If Republican presidential candidate Mitt Romney has his way then toddlers could be getting a dose of fast food advertising with their Bert and Ernie.

During a campaign event in Clinton, Iowa Wednesday, the former Massachusetts governor told supporters that there were a number of things he would do to balance the budget.

"One is to stop certain programs," he explained. "Stop them. Close them. Turn them off. Even some you like."

"You might say, 'I like the National Endowment for the Arts.' I do," he continued. "I like PBS. We subsidize PBS. Look, I'm going to stop that. I'm going to say that PBS is going to have to have advertisement."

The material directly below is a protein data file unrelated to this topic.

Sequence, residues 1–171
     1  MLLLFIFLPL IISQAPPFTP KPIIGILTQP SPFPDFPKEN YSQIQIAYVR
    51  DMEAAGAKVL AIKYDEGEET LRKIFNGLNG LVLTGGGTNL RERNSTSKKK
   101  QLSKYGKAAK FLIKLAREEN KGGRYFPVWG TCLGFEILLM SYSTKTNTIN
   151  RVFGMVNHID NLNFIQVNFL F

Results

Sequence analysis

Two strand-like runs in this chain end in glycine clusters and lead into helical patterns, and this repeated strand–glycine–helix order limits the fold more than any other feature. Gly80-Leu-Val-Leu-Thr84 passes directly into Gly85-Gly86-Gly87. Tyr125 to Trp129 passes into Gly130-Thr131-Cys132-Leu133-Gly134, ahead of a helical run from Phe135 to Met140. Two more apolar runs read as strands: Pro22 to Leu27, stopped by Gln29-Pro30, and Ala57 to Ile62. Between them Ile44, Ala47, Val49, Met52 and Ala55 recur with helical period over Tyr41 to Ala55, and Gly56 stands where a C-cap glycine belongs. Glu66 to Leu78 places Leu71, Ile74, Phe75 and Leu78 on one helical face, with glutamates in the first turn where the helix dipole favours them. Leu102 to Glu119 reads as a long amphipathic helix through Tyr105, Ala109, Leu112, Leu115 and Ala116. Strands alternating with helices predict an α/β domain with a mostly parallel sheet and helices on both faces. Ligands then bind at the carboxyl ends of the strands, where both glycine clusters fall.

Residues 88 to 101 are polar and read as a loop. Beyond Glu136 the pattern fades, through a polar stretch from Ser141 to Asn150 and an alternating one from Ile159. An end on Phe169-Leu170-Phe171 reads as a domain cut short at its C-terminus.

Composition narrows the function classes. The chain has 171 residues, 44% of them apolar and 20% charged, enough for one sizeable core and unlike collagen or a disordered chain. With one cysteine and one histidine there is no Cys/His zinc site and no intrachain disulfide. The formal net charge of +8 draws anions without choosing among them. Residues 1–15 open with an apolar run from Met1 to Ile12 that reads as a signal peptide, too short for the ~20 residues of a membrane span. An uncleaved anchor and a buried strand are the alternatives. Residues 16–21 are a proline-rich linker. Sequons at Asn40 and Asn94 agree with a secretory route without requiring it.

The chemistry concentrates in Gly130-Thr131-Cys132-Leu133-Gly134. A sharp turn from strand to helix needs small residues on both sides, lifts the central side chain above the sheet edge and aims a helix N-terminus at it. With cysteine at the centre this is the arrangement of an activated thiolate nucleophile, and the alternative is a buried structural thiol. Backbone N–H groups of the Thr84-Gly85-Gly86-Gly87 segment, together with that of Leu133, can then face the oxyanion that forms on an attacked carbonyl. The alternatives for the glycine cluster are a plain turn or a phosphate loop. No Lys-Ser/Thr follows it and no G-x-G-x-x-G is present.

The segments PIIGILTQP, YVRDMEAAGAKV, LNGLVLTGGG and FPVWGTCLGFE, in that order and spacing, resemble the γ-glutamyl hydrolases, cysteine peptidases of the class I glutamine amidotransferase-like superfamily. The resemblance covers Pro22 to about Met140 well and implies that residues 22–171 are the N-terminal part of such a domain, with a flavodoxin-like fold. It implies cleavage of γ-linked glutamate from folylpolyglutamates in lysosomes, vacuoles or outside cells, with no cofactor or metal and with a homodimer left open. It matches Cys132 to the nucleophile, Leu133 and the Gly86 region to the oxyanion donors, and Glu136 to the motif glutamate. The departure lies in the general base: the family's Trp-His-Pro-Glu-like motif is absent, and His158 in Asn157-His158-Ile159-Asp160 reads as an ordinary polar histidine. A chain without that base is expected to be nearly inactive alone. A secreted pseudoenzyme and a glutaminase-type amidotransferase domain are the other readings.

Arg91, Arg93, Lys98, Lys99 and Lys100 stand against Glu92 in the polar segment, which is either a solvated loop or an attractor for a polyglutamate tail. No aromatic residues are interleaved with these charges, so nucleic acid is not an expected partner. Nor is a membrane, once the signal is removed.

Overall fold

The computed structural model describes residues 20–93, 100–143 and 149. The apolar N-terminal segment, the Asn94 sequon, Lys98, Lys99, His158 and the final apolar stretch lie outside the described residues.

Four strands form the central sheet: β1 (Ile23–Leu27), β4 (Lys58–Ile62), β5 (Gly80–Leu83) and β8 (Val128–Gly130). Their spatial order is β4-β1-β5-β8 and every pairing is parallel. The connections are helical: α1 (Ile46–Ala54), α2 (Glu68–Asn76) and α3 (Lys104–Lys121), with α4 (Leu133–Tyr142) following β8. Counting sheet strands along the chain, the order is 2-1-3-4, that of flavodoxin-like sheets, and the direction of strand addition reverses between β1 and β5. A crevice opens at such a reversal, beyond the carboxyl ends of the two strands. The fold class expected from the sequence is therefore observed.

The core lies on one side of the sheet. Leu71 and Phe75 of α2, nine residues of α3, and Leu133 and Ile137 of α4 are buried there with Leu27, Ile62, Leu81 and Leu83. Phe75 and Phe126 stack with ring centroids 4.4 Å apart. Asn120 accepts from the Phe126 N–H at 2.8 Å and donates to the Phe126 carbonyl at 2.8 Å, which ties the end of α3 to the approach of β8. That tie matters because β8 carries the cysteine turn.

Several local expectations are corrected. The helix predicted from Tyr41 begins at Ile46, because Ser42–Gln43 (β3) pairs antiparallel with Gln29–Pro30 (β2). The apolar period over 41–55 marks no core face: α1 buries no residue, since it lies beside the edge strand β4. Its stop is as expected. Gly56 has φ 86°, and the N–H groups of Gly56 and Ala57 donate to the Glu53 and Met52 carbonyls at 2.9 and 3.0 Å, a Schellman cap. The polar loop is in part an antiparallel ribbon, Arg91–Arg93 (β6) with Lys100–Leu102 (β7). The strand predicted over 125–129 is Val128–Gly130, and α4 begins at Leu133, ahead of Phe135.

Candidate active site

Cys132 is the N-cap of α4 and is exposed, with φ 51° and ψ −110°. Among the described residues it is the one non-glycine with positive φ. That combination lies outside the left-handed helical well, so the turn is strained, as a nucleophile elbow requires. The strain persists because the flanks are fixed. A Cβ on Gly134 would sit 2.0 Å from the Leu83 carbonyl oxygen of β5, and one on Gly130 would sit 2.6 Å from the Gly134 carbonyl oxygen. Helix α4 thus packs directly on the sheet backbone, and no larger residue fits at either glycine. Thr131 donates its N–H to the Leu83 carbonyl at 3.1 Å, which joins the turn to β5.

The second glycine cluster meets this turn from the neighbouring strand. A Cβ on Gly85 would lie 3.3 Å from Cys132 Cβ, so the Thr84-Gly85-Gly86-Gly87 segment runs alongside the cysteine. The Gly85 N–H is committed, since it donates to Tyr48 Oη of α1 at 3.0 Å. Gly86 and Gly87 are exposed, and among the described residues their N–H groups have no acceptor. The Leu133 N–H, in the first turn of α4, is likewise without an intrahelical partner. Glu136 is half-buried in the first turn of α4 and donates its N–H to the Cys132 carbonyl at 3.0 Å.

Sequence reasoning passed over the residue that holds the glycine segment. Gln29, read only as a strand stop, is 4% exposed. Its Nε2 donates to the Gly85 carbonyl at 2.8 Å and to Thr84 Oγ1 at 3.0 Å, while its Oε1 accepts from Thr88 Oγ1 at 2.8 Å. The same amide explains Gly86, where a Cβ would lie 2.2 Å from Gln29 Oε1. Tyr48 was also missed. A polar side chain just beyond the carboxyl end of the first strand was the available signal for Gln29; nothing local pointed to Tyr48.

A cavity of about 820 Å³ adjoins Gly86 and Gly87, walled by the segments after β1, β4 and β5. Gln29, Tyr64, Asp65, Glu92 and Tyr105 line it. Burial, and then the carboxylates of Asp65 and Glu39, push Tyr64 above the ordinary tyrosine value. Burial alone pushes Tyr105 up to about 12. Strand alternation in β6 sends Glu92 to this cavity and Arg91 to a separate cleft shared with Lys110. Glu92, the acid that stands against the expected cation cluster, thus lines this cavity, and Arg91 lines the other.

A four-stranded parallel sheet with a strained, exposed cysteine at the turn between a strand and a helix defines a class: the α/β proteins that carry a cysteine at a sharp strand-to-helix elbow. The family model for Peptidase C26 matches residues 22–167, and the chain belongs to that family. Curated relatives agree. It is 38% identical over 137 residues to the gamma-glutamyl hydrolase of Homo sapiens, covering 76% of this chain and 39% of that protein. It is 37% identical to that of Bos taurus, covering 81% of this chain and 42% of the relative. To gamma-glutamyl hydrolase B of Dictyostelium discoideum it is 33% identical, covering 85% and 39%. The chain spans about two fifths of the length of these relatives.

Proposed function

"We're not going to kill Big Bird, but Big Bird is going to have advertisements, alright?"

Sesame Workshop, the nonprofit behind the PBS children's show Sesame Street, says that the program was designed for children between the ages of 2 and 5, but is increasingly being watched by kids under the age of 2.

As of 2009, nearly 77 million Americans had watched Sesame Street as children.

In the late 1970s, the Federal Trade Commission determined that advertising to children under the age of 6 was unfair and deceptive. Research has also shown that children under the age of 8 have no defenses against advertising and often take advertising claims at face value.

Some countries like Sweden and Norway ban all advertising directed at children under 12, while other countries such as the United Kingdom, Greece, Denmark and Belgium place restrictions on advertising.

Watch this video from CNN, uploaded Dec. 28, 2011.

(H/T: Talking Points Memo)